KIM BEAZLEY: Do I actually have to move a proposal to omit - I just oppose the things I understand. All right. I oppose ....

UNIDENTIFIED: The question is the clause be agreed to.

UNIDENTIFIED: The honourable member for Bass.

UNIDENTIFIED: This is clauses 94 and 95.

UNIDENTIFIED: Just 94.

UNIDENTIFIED: 94 - all right. Well, on 94. You're seeking to omit those clauses and withdraw them from the Act, and the Senate's decision was for those clauses to be included, and this is the basis of the ..... service for the ABC, so we would oppose the removal of that clause, in which case we will seek to divide on that matter.

JENNY HUTCHISON: Just before 1 a.m. on Friday, the Senate returned to the Broadcasting Services Bill and Senator Alston proposed opposition to the clauses on pay TV. Minister Bob Collins, termed this `utterly irresponsible', `an outrageous, disgraceful decision'. After further acrimonious debate, the Australian Democrats and the Opposition voted together to refer the clauses to a new Senate Select Committee on Subscription Television Broadcasting Services which will report by 10 September. With what he termed very great reluctance and disappointment, Minister Beazley accepted that deferral.

However, there was still some good-hearted humour across the table.

KIM BEAZLEY: By and large, I think it is a tribute to the capacity of my former department to marshal enormous intellectual resources in an effective manner, and I think everybody else believed, initially, to be an impossible task, given the dog's breakfast - the current Broadcasting Act. The dog which is, without question, a loose, rabid Doberman pinscher has been shot between the eyes, and it has been replaced by a sleek, greyhound legislation which we will see carry here, today. Even dog-lovers would agree with shooting rabid, Doberman pinschers - I'm absolutely sure about - and dog-lovers would be relatively pleased with the advent of a greyhound of a Bill which is that which we're considering here, today.

DEPUTY SPEAKER: I call the honourable member for Bass.

WARWICK SMITH: Thank you, Mr Deputy Speaker. I think I'll just start on a positive note and thank the Minister for his complimentary remarks, and I think it's probably a mark of the complexity of broadcasting legislation that we end up the Minister's remarks talking about dogs. But this has been - and I would acknowledge and have done on many occasions - that the existing broadcasting legislation could probably be correctly described as a dog's breakfast. It really is a complicated piece of legislation.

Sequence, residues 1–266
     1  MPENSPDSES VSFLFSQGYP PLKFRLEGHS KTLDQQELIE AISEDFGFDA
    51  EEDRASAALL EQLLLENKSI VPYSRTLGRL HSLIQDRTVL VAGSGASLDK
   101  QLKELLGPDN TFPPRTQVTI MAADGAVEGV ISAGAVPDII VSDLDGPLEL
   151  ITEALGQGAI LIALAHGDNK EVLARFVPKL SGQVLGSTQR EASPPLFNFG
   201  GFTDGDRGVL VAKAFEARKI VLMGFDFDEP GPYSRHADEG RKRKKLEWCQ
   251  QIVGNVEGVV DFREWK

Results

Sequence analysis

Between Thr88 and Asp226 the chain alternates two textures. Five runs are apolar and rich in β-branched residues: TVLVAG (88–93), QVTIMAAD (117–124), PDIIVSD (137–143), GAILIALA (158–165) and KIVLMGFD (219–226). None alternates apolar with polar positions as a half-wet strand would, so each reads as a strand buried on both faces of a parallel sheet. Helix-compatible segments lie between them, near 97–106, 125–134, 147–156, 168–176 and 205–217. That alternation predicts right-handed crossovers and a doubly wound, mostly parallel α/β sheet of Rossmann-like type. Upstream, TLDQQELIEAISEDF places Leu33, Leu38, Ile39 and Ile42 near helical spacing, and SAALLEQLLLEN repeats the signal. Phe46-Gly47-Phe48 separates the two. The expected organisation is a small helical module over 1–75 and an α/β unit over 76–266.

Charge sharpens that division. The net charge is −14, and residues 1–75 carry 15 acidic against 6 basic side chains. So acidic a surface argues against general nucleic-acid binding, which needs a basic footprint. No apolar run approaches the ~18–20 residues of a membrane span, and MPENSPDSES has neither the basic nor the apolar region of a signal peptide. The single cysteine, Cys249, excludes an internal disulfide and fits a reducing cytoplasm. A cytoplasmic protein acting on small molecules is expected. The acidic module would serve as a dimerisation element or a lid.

JENNY HUTCHISON: The House was able to rise at 3.18 on Friday morning. Senators had got off an hour earlier. And so ended yet another protracted sitting period.

By the way, you may be surprised that amongst the last minute bickering on such legislation, the Government also introduced 15 brand new Bills on Thursday.

Well, for obvious reasons, we've concentrated on legislation in this edition of The Parliament Program, but there were many reports from parliamentary committees, government responses to past reports and new references to committees which we'll be able to catch up on in the weeks to come. The Auditor-General presented no less than 15 reports this week, some of which didn't please the Government.

There were ministerial statements on the Privacy Commissioner's adverse findings on the pursuit by the Department of Social Security of AIDEX demonstrators, and on the second stage of the Government's response to the report from the Royal Commission on Aboriginal deaths in custody. And the Opposition spokesman, Dr Wooldridge, launched a Coalition Green Paper on the administration of Aboriginal Affairs.

Finally, on Thursday, the Government supported Dr Coulter's motion requesting the working group to develop a code of conduct for Senators and Members to consider, as a matter of priority, the development of a code of conduct for Ministers. There were lots of speeches marking next week's 60th birthday of the ABC and the imminent retirement of the ABC's well-known parliamentary broadcaster, Bruce Webster. Bruce was the original presenter of this program and we'll bring you an interview with him next week. Till then, it's goodbye from Jim Trail and Jenny Hutchison.